Here at InfoCision, our customers Communicators are second to none. We hire the absolute best in the industry, providing our customers with access to the finest professionals on the market.

To learn more, click here.

Is Your Contact Center Behind the Times?

By Steve Brubaker, InfoCision Chief of Staff

Do you sometimes feel like you fell asleep and woke up in a  strange world full of new contact center technologies that you don’t really understand?

If so, we feel your pain. Contact centers have changed dramatically over the past few decades, from both a technical and operational standpoint. And yet, many businesses continue to operate using yesterday’s strategies and tools.

For some businesses, its’ a matter of inertia —  that is, of doing the same thing year in and year out, without really paying close attention to the issues that are dragging down the department. Other businesses want to change, but they don’t know how.

Is your contact center behind the times? Here are some telltale signs:

Agent overload: Take a look around your contact center. How many agents do you have on hand? Many customer service administrators still employ large teams of contact center agents, when in fact the industry is trending in the other direction. Now, you can run a tighter and more effective department using far less agents, simply by using the right automation tools. Smaller teams are much easier to manage, they’re more affordable and they produce stronger results.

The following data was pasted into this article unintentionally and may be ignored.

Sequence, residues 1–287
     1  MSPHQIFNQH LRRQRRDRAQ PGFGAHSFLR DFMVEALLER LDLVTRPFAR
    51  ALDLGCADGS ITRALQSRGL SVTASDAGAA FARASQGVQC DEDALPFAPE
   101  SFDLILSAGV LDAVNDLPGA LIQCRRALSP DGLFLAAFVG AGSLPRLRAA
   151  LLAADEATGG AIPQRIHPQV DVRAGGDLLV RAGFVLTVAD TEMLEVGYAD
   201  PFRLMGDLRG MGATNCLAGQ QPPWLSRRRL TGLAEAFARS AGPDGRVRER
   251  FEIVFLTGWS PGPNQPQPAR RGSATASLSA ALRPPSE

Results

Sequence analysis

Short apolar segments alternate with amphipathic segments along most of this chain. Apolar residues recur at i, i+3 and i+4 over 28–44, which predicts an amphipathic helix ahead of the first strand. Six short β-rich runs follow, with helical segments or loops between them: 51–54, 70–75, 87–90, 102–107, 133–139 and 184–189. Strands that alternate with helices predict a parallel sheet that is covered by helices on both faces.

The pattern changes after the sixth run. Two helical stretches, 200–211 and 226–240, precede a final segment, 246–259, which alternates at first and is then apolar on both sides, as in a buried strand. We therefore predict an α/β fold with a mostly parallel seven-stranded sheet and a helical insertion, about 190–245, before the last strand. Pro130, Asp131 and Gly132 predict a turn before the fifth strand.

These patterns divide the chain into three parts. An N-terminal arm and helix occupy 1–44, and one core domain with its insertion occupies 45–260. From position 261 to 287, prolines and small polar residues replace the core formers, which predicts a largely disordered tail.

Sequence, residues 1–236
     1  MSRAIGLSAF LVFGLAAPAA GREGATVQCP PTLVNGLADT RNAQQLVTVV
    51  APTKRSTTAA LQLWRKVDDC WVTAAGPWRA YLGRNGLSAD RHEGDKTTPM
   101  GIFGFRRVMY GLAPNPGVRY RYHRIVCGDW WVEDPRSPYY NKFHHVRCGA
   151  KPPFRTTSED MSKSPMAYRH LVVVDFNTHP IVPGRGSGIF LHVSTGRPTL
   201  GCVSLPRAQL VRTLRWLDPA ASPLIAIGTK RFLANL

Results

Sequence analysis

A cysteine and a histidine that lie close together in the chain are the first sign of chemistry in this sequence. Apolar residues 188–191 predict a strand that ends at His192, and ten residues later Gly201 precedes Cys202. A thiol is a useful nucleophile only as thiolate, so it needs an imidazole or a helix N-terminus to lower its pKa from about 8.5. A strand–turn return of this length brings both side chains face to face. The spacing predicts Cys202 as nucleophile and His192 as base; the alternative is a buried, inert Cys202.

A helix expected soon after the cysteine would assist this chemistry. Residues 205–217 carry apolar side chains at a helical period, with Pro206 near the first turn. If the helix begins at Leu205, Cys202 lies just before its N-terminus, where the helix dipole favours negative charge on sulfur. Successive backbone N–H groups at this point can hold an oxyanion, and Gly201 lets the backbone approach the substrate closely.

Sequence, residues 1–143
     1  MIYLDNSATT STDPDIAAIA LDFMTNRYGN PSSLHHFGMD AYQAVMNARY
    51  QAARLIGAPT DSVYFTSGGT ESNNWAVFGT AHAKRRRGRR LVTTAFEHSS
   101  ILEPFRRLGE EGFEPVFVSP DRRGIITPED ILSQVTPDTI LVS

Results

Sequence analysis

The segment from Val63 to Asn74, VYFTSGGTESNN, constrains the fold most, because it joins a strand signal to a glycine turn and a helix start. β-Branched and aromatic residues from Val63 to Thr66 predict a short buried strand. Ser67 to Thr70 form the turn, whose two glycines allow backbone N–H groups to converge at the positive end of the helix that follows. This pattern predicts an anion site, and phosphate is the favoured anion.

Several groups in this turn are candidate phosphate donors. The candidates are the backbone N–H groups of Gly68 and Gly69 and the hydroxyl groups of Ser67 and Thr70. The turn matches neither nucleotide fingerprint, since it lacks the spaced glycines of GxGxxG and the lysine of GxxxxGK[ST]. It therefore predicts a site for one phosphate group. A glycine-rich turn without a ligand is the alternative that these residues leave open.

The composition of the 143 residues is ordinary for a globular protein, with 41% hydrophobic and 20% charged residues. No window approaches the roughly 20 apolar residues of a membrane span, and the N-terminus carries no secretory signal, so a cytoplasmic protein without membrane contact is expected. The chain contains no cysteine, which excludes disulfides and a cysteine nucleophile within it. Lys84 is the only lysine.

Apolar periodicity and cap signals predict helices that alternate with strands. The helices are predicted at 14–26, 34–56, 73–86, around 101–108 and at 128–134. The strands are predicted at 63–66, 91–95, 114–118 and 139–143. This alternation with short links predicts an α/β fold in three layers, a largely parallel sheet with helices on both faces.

A lack of insight: Recent advancements in artificial intelligence (AI) and big data have made it possible to gain a much deeper understanding of customer needs. Still, many organizations are either resisting these technologies or don’t know how to implement them. Without targeted insight, a contact center is at a major strategic disadvantage.

Operational inefficiencies: If you are using a legacy contact center, then chances are likely that you suffer from periodic downtime due to network inefficiencies. When agents can’t access the network, and core communications systems fail, this can irritate and alienate customers. The easiest thing to do is to outsource your network operations, so that this does not happen.

Heavy costs: In the past, contact centers were largely seen as the money pit of the enterprise. This was back when most businesses were using massive, on-site contact centers, filled with hundreds of agents and massive, inflexible legacy networks. Now, things are different. There are many options available to reduce costs while improving performance and stability. So if your business is still operating in the red zone, understand that this is by choice. You can easily outsource your core operations to reduce unnecessary expenses.

Always remember that the contact center is the most customer-facing department in your organization. So if it’s behind the times, customers will pick up on this — and some may think twice about doing business with your company.

Let’s make sure this doesn’t happen.